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The voice of Scotland’s vibrant voluntary sector

Published by Scottish Council for Voluntary Organisations

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COP26 volunteers reflect on experiences as global conference closes in Glasgow

 

A thousand Scots gave up their time to support the summit

As the UN Climate Change Conference came to a close in Glasgow at the weekend, the COP26 volunteers who supported its staging have been reflecting on their experiences.

Over the last three weeks, 1,000 friendly volunteers took to the streets of Glasgow and Edinburgh, helping delegates and visitors get around and providing thousands of people with a welcome filled with enthusiasm and warmth.

Stationed at transport hubs and active travel routes, including Edinburgh Waverley and Glasgow Queen stations, key shuttle bus stops, and the conference’s Host City Zone at City Chambers and Green Zone at Glasgow Science Centre, the passionate volunteers were out in force from 25 October to 12 November.

Spanning from 16 up to 78 years old, the proud volunteer force hailed from a broad range of backgrounds and were united by their passion for the environment and pride for their city.

Although born in 68 different countries around the world, the volunteers were mainly local, with more than 40% living in Glasgow and more than 95% living in Scotland.

Youngsters were also keen to get involved, with a third under the age of 26 and a fifth using the conference as an opportunity to volunteer for the first time.

Around a quarter of the volunteers could confidently speak the official UN languages of Arabic, Chinese, French, Russian and Spanish, alongside English.

Motivated by the chance to play a part in the milestone international event, gain valuable life and career experience, learn new skills, meet new people, have fun and feel part of a diverse yet like-minded community, the volunteers have been looking back on their experience with fondness.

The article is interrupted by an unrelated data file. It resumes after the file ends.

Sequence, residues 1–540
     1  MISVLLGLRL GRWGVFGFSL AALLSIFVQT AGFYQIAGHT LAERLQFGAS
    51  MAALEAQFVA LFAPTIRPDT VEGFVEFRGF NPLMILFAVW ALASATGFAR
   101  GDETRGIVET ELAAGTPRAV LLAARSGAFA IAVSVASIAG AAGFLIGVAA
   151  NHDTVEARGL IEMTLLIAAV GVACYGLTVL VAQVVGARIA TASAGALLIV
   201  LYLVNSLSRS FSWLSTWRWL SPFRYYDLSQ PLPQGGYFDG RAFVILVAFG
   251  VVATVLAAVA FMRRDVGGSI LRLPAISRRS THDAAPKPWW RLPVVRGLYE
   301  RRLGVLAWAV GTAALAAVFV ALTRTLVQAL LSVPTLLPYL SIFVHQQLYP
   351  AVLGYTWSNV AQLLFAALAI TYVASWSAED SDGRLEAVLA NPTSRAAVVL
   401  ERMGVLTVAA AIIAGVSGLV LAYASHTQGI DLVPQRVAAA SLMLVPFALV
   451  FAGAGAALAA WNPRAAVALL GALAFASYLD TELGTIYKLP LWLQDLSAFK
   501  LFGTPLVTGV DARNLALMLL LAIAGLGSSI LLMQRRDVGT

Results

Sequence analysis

Shuttle hub volunteer Harjot Singh Kambo, from Clarkston, said: “I’m very grateful to have played a small part at COP26 in Glasgow, supporting the city which raised my family. Braving the November chill, I made new, kind friends and cracked jokes with the bus drivers along the way. We helped delegates from all over the world with a smile and spread awareness about the wellbeing of our planet in the process.

“It's not everyday you get to fist-bump a Kyrgyzstan official or have some banter with a Solomon Island diplomat! Although it was gloomy outside, it was important to stay warm and sunny on the inside with, of course, our distinct bobble hats to match! I will always remember when the world came to Glasgow, united together in this global challenge.”

Green Zone volunteer Rachel Irwin, originally from Liverpool, has been living in Scotland for five years and decided to get involved. She said: “I volunteered at COP26 because Glasgow has become my home and it’s nice to be involved in something that’s unique to the city and make the most of the once-in-a-lifetime opportunity to be involved in COP in some way.

“The highlight for me – amongst meeting well-known people – is getting to know the other volunteers. It’s a diverse group of people who I wouldn’t get to meet in my daily life. It’s also a really nice feeling and heartening to see how many people care about climate change and have come together to take action.”

Leader of Glasgow City Council, Councillor Susan Aitken said: “I would like to extend a heartfelt congratulations and a big thank you to all of our volunteers who went above and beyond to give up their time to play their part in COP26. The volunteers’ smiles and enthusiasm warmed up the city’s streets this November and I hope it was a rewarding and memorable experience that they can look back on with pride.”

COP26 president, Alok Sharma, said"COP26 is one of the most important events ever held in the UK and I am hugely grateful for the dedication shown by the volunteers who generously gave up their time to support this conference.

"It has been incredible to see people from such a wide range of ages and backgrounds unite in their enthusiasm for protecting the planet, and brave all weathers to welcome everyone to COP26. I know their positive attitude and warmth has made a difference to all those attending the conference."

Volunteers could be identified by their vibrant sustainable uniforms, complete with snug bobble hats. They can now keep their uniforms as a memento of their volunteering experience or drop the items back to the volunteer team, where they will be donated to a local homeless charity or sent to be shredded to generate clean energy power.

Anyone interested in volunteering in Glasgow can visit www.volunteerglasgow.org to find out about available opportunities.

 

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